Article: Monday, 26 February 2024

Amidst rising scepticism about the impact of sustainable investing, new research from Rotterdam School of Management, Erasmus University (RSM) shows that traditional strategies for influencing companies like shareholder engagement and portfolio screening, are not exhaustive. The researchers explain the under-recognised strategy for influencing companies in a short video below. Researchers were Associate Professor Dr Emilio Marti and PhD candidate Martin Fuchs of RSM, and Dr Mark DesJardine of Penn State University, Dr Rieneke Slager of Rijkuniversiteit Groningen, and Prof. Jean-Pascal Gond of Bayes Business School, City, University of London.

By screening over 3,500 research papers, the researchers identified an under-recognised strategy for influencing companies, which they call ‘field building’. Field building means that investors influence the fields in which companies operate, thereby exerting influence on companies indirectly via other stakeholders or by changing aspect of the field.

The researchers identify five tactics for field building:

1. Shifting other investors’ evaluation of issues

2. Sharing expertise

3. Delegitimising certain business activities

4. Establishing voluntary standards

5. Supporting regulatory changes

Each of the five tactics can change the fields in which companies operate, thereby creating additional pressure for companies to become more sustainable.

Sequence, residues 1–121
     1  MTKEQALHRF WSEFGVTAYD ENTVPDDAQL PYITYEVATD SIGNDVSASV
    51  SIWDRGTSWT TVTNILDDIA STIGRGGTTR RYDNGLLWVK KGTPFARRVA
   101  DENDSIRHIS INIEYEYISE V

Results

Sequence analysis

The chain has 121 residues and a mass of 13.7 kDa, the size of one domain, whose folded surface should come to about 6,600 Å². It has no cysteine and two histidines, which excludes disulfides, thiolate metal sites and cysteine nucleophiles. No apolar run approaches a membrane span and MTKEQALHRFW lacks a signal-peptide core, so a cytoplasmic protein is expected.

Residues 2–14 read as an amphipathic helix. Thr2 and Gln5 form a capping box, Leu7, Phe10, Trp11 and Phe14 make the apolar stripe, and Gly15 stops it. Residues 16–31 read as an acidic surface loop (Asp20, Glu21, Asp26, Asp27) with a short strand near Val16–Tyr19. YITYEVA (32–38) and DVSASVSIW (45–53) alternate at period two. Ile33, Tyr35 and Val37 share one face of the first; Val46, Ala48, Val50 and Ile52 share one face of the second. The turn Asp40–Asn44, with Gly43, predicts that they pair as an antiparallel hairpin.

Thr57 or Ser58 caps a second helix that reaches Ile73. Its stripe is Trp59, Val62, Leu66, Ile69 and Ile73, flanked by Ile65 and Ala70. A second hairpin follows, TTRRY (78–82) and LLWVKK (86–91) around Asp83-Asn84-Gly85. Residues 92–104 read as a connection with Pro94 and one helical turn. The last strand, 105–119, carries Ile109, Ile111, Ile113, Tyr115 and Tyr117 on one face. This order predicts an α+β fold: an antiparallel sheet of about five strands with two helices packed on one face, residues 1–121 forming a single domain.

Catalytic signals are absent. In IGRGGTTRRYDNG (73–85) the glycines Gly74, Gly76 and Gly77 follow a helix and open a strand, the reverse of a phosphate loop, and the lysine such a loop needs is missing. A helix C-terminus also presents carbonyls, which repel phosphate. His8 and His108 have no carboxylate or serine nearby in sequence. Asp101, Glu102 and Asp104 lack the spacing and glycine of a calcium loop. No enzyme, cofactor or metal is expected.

“Each of the five tactics can change the fields in which companies operate, thereby creating additional pressure for companies to become more sustainable. Despite these opportunities for increasing their impact, two reasons may deter investors from venturing into field building,” said Dr Marti.

Investments for creating greater impact

“One reason is profitability. It can be difficult to make a business case for field building over the short term. Field building mostly generates costs for an investor, while benefits will be captured by other investors, including those in the future. Yet, given that many individuals are willing to accept lower returns if their investments create greater impact, they may seek out asset managers that engage in field building even if higher management fees slightly lower their returns."

Taking a political stance on sustainability

“Another reason that investors might be deterred is political exposure. Field building requires that asset managers publicly take a stance on sustainability issues, which could lead to a backlash from people with different views – a risk that is higher among asset managers that cater to a wide range of customers. These asset managers can limit this risk by doing field building on sustainability issues for which a broad consensus exists among their customers, and those that are backed by a strong business case,” says Emilio Marti.

By broadening their toolbox of tactics and mastering field building, investors can better position themselves to have a more positive impact on the environment and society — and, in doing so, attract more individual investors that care about impact.

dr. E.S. (Emilio) Marti
Associate Professor
Rotterdam School of Management (RSM)
Erasmus University Rotterdam
Photo
Emilio Marti
M. (Martin) Fuchs
PhD Candidate
Rotterdam School of Management (RSM)
Erasmus University Rotterdam
Photo
Martin Fuchs
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